SEOUL, Oct 27 (Reuters) - Oil prices inched up in early Asian trading on Friday, with Brent continuing to hover near its highest in 27 months, buoyed by comments from Saudi Arabia’s Crown Prince backing the extension of OPEC-led output cuts.
International benchmark Brent crude futures were up 9 cents at $59.39 a barrel at 0046 GMT, or 0.15 percent, from their last close, the highest close since July 3, 2015.
U.S. West Texas Intermediate (WTI) crude futures were up 4 cents, or 0.08 percent, at $52.68 per barrel.
Saudi Arabia’s Crown Prince Mohammad bin Salman told Reuters on Thursday that the kingdom would support the extending the output cut deal in a bid to stabilise oil demand and supply.
The Organization of Petroleum Exporting Countries (OPEC) and some non-OPEC producers including Russia have pledged to curb their production by around 1.8 million barrels per day (bpd) until the end of March to drain a global supply glut. OPEC will meet on Nov.30 in Vienna.
Oil prices have hovered around their highest levels of the year in recent weeks amid growing signs of a tightening market including talks over longer OPEC-led output cut deal and geopolitical risks in Iraq and Iran.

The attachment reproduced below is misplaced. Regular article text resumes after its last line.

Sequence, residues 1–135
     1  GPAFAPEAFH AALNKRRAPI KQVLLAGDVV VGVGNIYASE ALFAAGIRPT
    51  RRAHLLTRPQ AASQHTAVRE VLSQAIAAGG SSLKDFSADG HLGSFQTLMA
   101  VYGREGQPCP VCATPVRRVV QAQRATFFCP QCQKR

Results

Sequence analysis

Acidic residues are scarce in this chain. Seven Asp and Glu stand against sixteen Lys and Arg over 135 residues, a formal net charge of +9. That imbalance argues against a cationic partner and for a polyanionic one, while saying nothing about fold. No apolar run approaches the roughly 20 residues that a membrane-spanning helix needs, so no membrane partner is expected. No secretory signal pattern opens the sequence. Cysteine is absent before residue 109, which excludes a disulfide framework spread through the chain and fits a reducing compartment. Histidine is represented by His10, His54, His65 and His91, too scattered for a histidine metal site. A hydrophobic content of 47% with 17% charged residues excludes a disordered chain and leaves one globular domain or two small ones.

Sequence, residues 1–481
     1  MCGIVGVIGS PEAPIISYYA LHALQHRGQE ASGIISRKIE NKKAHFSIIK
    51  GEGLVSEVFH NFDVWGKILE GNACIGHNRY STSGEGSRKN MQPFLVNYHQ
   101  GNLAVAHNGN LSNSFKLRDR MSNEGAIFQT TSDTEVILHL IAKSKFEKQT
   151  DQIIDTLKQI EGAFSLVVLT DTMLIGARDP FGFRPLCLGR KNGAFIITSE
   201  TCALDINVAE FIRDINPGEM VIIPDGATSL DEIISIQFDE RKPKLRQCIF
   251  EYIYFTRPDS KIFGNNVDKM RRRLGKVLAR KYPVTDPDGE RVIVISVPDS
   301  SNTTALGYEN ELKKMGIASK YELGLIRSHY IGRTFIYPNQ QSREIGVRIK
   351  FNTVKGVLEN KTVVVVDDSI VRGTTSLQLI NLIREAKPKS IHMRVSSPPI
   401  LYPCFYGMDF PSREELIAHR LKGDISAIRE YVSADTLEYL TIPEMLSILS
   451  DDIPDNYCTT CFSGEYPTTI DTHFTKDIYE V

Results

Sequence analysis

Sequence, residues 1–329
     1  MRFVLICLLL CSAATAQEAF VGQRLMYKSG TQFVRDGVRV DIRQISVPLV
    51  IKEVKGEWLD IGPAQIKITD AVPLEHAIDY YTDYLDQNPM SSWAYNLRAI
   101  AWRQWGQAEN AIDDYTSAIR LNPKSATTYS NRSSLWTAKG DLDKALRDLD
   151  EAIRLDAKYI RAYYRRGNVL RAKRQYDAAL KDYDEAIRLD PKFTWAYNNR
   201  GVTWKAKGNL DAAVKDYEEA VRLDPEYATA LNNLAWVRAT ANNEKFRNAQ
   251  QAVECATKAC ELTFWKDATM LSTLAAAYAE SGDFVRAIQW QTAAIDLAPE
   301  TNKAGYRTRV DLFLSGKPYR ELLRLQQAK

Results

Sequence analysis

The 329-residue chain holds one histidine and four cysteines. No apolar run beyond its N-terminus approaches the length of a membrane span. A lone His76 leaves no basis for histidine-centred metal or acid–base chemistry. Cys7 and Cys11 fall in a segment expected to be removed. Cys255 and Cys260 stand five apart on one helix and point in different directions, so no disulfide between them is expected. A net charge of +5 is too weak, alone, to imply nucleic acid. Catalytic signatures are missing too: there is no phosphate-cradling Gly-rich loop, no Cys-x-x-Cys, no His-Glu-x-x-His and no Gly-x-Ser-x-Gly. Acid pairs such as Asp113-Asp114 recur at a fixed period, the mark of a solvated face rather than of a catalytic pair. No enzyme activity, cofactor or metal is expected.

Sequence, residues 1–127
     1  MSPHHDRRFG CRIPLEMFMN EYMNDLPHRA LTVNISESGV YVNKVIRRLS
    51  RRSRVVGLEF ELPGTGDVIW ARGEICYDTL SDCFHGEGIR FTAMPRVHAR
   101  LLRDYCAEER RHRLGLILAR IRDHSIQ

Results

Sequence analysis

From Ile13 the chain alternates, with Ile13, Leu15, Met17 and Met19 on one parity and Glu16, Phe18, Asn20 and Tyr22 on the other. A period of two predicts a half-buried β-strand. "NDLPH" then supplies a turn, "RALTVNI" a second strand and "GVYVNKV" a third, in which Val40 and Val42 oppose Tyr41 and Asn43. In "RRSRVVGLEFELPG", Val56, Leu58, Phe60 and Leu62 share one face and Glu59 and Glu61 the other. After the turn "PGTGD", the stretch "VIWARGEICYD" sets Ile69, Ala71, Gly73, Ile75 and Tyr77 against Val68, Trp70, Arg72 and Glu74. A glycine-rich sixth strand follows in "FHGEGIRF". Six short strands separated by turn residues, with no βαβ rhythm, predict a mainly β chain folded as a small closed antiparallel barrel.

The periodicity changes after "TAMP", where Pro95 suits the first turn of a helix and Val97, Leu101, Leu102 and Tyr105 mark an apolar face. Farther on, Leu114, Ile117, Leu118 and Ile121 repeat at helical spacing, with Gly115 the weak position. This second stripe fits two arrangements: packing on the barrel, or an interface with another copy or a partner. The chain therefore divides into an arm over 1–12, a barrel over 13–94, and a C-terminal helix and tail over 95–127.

“Prices for both Brent and WTI are now approaching important recent range tops. My rhetorical self is bullish longer term and my system is already long,” said Greg McKenna, chief market strategist at futures brokerage AxiTrader.
Although the rising likelihood that OPEC will extend its output cuts raises expectations for a balanced market, U.S. crude production remains an issue for OPEC as it strives to clear a global overhang.
U.S. crude production rose by 1.1 million barrels per day to 9.5 million bpd in the week ended Oct.20, according to U.S. Energy Information Administration (EIA) data.
Reporting by Jane Chung; Additional reporting by Henning Gloystein; Editing by Joseph Radford